Infrastructure projects should have the potential to provide notable opportunities for local communities. Often these opportunities lead to the creation of new jobs, long term investments and thereby, increases the chances of strong, long term economic growth. With this in mind, local governments are increasingly looking for policy tools to help promote socio-economic impacts, thus requiring infrastructure businesses to source locally, a policy referred to in North America and the UK for instance, as Community Benefit Agreements (CBA).
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The defense sector has many characteristics that are unique to its market due to its national security exemption to most international trade agreements. Amongst those characteristics is a firm set of offset (or industrial participation) agreements that are often required of prime contractors.. With approximately 130 countries participating in defense offset agreements, it’s important to note that these terms differ per location. Moreover, it’s important to acknowledge the growth in usage of these offsets and how this can affect your supplier relations.
Why Diversity & Buying Local is Key for Small Businesses
Buying local isn’t solely reserved for the final consumer or for big businesses. Although big business is an essential factor for social accountability, as per the Economist, small businesses are key in leading by example and practising what they preach too. While outsourcing globally may be convenient in terms of supply and economic reserve, spending locally can create a ripple effect in support of the primary community with an increased ROI as well.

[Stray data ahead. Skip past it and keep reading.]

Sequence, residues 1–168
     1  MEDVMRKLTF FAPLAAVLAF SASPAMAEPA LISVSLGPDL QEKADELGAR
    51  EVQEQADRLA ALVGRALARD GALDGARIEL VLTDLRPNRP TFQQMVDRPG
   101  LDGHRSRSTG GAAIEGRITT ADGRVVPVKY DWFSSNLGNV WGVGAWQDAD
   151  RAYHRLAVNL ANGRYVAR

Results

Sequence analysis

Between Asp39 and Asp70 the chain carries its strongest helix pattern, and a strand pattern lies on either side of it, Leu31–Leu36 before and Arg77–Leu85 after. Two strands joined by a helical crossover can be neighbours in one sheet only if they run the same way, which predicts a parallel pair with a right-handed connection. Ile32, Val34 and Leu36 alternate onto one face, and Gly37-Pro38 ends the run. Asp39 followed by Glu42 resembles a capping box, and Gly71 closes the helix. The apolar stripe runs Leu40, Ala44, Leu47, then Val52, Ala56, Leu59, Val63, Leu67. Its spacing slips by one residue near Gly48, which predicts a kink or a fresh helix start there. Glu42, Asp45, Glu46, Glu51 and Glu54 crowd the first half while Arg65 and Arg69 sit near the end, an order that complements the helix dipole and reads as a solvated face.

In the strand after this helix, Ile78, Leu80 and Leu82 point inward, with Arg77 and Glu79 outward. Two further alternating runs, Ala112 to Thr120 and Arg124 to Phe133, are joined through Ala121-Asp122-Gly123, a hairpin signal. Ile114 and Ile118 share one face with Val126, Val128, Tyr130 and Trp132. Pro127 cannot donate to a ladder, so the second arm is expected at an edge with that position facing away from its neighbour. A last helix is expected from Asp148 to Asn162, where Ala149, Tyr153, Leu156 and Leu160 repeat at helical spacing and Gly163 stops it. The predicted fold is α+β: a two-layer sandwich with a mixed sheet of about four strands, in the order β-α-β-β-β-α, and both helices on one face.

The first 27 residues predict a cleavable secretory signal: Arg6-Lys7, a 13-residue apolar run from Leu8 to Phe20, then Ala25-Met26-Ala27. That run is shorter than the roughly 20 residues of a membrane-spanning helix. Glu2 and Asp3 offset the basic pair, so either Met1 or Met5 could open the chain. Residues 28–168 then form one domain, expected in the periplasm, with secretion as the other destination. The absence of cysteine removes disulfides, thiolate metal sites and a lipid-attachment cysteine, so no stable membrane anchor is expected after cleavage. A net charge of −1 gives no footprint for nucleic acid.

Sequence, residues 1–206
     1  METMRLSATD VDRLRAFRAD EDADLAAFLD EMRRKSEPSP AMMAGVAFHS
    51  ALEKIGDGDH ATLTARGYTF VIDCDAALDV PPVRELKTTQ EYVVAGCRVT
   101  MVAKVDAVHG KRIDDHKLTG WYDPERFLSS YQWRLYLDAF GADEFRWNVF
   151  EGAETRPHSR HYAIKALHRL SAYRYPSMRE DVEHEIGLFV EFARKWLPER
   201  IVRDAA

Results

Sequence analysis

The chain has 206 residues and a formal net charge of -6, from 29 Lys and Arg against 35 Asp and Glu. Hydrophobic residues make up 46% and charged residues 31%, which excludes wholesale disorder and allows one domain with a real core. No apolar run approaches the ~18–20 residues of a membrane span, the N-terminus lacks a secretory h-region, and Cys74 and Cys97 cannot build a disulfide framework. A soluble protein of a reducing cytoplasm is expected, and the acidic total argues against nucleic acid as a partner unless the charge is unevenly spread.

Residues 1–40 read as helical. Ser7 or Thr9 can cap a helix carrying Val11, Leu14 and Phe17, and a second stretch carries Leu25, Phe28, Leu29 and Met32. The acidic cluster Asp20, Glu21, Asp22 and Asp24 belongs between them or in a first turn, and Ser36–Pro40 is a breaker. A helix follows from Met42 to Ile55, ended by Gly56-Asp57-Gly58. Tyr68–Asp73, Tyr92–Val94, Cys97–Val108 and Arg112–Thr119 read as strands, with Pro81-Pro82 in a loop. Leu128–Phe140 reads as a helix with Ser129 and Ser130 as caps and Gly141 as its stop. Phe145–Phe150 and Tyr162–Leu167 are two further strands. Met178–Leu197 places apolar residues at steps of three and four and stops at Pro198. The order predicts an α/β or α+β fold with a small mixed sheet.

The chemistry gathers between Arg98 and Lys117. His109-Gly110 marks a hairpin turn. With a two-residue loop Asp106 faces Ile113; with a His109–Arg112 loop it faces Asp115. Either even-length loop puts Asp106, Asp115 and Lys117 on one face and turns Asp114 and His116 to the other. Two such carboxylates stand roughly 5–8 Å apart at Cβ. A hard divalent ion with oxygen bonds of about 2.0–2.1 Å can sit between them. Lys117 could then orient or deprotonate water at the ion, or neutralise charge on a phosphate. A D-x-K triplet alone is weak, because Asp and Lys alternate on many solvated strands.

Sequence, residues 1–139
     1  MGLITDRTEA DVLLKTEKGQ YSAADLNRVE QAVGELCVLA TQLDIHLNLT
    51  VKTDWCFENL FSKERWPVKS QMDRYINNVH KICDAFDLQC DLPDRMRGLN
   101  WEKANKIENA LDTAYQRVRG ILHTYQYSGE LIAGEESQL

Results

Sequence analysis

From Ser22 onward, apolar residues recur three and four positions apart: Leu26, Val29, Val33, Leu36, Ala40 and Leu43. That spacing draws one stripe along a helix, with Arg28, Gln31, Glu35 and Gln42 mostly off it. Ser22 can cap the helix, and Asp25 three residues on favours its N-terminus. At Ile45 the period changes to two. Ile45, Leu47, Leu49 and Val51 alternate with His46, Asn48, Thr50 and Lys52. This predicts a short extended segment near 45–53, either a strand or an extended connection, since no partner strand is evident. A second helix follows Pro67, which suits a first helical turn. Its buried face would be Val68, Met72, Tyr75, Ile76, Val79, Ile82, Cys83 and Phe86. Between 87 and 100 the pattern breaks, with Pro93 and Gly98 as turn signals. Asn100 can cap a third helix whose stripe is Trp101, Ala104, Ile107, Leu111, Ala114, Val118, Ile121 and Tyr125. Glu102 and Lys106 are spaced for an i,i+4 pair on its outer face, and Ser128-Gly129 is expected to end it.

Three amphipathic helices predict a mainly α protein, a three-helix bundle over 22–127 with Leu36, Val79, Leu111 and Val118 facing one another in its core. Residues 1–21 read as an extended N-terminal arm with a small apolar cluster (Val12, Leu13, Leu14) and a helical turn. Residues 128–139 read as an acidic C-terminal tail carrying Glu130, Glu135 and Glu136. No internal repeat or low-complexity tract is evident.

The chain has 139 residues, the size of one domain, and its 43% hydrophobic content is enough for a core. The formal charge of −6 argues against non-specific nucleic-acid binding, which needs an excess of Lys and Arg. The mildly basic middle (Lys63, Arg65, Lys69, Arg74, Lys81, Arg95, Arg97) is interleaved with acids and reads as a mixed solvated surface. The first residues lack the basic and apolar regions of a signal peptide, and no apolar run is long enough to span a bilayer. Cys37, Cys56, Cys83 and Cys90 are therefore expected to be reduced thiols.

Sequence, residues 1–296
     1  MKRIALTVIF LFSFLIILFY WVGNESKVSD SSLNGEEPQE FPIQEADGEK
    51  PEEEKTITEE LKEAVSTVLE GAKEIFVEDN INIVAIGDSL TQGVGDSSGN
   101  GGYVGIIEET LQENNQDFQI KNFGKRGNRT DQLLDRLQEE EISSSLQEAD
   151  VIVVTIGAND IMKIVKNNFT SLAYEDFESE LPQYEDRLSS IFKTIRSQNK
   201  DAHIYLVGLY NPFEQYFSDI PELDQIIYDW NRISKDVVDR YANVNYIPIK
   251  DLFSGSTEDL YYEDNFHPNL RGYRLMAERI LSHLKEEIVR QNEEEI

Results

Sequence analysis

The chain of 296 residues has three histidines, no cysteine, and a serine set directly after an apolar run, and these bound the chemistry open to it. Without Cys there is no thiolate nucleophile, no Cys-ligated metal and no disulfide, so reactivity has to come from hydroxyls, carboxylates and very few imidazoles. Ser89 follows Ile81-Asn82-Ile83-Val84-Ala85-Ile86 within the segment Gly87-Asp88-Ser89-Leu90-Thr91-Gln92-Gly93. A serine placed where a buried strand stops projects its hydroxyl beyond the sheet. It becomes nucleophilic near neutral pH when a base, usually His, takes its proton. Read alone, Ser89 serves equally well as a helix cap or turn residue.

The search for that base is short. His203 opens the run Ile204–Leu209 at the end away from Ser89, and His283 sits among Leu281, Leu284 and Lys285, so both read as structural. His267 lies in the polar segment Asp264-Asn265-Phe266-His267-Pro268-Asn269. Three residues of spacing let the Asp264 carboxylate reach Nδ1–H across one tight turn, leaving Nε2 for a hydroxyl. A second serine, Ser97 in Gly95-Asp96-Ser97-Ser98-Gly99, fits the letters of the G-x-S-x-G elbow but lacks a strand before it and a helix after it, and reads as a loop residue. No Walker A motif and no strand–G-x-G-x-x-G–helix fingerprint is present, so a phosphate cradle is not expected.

Sourcing local is often mandated in order to receive approvals in the energy or mining sector, or to win government bids in infrastructure, transportation or the defense/aerospace sectors. It is also increasingly performed by companies who are wanting to put their best foot forward in demonstrating their commitment to the local community and to maximizing socio-economic impacts or meet their environmental, social and governance (ESG) goals. Assessing your local expenditure throughout your supply chain can provide you with an accurate assessment of your business’s potential performance in a more strategic socio-economic sphere.
What are the ESG Criteria and Why Your Company Should Position Them at the Center of Its Procurement Strategy
Considering ESGs in key decision making is becoming more and more prevalent internationally. By ESGs, we mean environmental, social, and governance standards. The ESG market is rapidly growing and evolving. It is placing more responsibility on supply chain management as well as ethical company practices in the process.